I’m writing this article to promote autism awareness because I recently learned that according to a study, only 15% of autistic adults are working. This applies to all people on the spectrum including those with Asperger’s Syndrome. Even if an autistic person can do the job very well and has a degree, getting and keeping a job is still tough because of the lack of social and communication skills.
Autism is pretty common. About two percent (1 in 68) of the population is autistic. Relatives, friends, friends of friends, classmates, or college grads may have autism spectrum disorder. I am autistic too and I’m learning how to have a good first impression for my job search.
Autistic workers can have skills that benefit employers which include:
- Deep interest and focus in certain subjects
- Tolerating and even preferring routines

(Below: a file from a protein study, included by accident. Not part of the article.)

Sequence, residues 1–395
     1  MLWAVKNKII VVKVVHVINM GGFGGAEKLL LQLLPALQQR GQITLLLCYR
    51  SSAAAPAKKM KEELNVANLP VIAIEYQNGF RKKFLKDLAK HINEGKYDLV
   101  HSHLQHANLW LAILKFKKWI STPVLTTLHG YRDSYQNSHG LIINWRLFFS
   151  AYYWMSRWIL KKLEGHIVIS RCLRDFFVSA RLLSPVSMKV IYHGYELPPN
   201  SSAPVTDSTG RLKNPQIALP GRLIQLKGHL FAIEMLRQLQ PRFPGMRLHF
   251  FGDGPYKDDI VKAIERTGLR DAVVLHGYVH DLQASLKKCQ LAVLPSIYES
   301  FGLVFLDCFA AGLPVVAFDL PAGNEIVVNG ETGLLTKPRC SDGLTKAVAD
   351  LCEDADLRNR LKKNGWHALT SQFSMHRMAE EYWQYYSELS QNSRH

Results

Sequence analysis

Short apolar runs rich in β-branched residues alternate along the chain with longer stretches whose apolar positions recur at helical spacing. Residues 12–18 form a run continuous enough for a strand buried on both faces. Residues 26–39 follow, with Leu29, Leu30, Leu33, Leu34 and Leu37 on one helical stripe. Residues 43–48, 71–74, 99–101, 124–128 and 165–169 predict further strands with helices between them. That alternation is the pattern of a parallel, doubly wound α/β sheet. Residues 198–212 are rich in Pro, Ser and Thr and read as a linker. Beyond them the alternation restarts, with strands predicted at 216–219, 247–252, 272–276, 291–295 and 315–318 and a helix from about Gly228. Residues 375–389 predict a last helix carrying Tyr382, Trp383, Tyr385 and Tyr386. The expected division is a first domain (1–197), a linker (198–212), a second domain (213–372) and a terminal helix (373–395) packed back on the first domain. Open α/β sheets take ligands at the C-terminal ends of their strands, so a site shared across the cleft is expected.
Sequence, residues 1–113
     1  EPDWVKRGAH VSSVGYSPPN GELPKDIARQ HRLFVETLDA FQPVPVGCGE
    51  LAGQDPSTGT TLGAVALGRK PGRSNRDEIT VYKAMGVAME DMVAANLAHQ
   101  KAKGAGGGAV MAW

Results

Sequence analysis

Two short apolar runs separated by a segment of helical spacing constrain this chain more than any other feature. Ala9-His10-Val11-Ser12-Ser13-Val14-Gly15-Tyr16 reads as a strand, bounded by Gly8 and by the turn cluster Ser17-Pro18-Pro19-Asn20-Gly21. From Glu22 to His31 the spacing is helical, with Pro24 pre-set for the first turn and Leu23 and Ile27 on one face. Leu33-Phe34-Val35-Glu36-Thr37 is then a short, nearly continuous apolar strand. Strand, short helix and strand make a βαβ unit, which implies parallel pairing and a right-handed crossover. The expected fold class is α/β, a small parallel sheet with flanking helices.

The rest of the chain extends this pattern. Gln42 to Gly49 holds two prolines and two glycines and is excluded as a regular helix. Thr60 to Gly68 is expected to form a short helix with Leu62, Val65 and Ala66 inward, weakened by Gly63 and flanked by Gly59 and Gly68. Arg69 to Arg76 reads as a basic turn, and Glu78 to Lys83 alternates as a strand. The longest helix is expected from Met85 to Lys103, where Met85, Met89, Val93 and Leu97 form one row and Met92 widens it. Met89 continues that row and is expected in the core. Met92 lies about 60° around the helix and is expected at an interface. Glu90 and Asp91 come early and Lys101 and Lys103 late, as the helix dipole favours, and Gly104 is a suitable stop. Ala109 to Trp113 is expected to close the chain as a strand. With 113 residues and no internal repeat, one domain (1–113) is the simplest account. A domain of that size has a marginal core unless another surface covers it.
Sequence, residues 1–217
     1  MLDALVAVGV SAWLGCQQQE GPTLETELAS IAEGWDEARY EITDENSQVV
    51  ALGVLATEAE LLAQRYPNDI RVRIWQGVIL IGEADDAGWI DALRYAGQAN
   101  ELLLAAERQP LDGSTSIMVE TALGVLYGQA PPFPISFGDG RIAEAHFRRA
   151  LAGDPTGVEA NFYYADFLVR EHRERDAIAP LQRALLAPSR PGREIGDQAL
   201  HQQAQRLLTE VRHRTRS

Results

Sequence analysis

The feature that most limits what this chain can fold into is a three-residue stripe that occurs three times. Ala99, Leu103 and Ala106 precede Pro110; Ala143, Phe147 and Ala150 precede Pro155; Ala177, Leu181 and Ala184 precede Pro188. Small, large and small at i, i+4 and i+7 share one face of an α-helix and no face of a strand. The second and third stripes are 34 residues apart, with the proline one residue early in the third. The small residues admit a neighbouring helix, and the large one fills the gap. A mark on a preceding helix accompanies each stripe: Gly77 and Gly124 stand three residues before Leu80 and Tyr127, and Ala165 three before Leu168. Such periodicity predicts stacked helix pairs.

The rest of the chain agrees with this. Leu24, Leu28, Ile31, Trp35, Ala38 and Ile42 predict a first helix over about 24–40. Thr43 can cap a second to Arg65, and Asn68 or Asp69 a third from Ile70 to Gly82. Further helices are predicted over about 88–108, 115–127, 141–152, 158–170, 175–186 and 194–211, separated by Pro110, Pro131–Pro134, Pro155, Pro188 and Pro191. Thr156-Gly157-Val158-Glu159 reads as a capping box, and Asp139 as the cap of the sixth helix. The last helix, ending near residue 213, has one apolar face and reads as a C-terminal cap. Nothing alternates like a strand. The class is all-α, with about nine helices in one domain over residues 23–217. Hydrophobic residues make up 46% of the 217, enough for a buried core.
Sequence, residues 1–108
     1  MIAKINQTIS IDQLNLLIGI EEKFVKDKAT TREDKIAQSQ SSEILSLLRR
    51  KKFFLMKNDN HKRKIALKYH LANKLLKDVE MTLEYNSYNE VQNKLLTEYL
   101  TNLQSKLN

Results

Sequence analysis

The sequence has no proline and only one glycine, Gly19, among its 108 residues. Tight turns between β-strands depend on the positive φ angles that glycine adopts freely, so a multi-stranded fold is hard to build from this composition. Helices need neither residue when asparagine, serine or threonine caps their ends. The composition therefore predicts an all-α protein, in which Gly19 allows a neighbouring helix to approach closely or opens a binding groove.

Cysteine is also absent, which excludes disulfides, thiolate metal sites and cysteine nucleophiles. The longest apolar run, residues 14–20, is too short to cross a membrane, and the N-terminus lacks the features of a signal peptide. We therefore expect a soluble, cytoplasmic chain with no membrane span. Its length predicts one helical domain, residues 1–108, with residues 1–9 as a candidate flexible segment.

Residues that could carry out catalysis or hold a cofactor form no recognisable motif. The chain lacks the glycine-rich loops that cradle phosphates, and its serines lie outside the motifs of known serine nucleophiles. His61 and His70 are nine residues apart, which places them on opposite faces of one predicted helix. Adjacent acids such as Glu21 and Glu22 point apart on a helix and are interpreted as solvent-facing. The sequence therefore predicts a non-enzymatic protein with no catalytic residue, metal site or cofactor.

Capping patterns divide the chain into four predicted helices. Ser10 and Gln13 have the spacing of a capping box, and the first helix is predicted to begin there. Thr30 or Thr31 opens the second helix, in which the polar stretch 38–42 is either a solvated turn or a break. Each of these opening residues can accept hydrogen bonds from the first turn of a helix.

- Being able to concentrate on tasks that appear boring
- Attention to details
To pass a job interview, a good first impression is required. Interviewers look for social cues to predict how confident (competent), friendly, interested, and honest the person is. Autistics have a hard time with eye contact, smiling, tone of voice, and gestures.
A job that doesn’t require very much talking or social interaction is most suitable for those with autism. The work place would be improved if they were hired because there would be a wider variety of skills.
If you know someone who has difficulty finding a job or a company looking for those skills, you can help by sharing this.